“The engineering program at UCL wasn’t as strong as it is here,” Bhargava said. “The facilities were comparable to my high school, and I felt at university you’re supposed to take your education to the next level.”
Despite being attracted to NU, international students still have to face the challenge of adjusting to attending an American university, said Weinberg freshman Celia Hauw, who grew up in Singapore.
“People are generally very nice, but obviously they act in a different way compared to Singaporeans. So it takes a bit of getting used to,” Hauw said.
To help the transition, the staff at the International Office coordinates programs such as NU In, a pre-departure orientation program for international students, and the International Student Orientation, both of which are yielding positive results, Shankar said.
NU In sends University representatives to the countries with the highest amount of incoming students to brief them about life in America, preparing for college and other NU-related topics. ISO is an on-campus orientation program, which takes place a few days before Wildcat Welcome.
“Those orientations have mostly become networking and social activities,” Shankar said. “The international peer advisors are the ones who really run that because we found that it’s best to be in a small cohort to develop a network and really socialize.”
Melania Hidalgo, a Medill freshman from Spain, said she enjoyed connecting with fellow international peers and finding friends early on.
“ISO was a way for the international kids to recognize each other and see where we all came from,” Hidalgo said. “It was good in terms of not feeling alone later when you get overwhelmed by all the more American types of events.”
In addition to having an established group of friends, support for international students continues after the orientation period is over, Shankar said.
Shanishetti, the McCormick freshman, said he felt the International Office’s programs were essential in making it easier for him to get used to campus life.
“It wasn’t difficult to make a transition because there was a huge supportive community,” he said. “As soon as I came on campus there were people to help me with things such as moving in and getting accustomed to things around campus. The transition, though it was overwhelming, went smoothly.”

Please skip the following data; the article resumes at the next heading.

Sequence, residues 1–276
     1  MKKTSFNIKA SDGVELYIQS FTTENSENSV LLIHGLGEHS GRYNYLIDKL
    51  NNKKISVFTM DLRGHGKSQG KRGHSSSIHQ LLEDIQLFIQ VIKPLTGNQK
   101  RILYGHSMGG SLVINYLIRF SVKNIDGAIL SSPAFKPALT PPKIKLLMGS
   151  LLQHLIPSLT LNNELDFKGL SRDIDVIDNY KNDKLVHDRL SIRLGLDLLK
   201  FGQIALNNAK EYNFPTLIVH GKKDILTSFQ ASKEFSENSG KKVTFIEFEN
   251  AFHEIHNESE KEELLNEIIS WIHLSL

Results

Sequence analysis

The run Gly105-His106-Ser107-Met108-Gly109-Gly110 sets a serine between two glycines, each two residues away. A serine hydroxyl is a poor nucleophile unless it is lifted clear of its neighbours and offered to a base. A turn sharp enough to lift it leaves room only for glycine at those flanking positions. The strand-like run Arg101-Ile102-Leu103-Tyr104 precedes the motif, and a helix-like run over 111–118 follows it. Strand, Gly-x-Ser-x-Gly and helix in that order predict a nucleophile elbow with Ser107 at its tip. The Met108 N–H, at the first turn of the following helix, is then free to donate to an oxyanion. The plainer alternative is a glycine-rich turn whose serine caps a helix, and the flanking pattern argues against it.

To continue increasing international enrollment, Mills said administrators plan to maintain connections with international high schools and college advisers. He also said the University is in contact and hoping to receive donations from overseas benefactors.
“The most brilliant international students aren’t just in the most affluent families,” Schapiro told The Daily in January. “They’re spread across the income distribution, just like they are here in the U.S.”
One of these prospective benefactors is an influential Chinese real estate couple who set up a $100 million education fund to send Chinese students who otherwise could not afford the price tag of elite American universities. Pan Shiyi and his wife Zhang Xin have already made a $15 million gift agreement to Harvard.
“Morty has met with this couple and is optimistic that they might include us,” Mills said. “I know he’s hopeful, and if we get that, it would be fantastic.”
This donation would be the second major contribution toward NU’s international studies program. Last year, roughly $20 million of the more than $100 million from Roberta Buffett Elliott’s donation to the University was set aside for a scholarship fund for international students.
“Northwestern provided the best financial aid for my family, which was really important,” Shanishetti said. “It’s amazing that a university of such a high reputation could provide resources for international students because it not only caters to local American students.”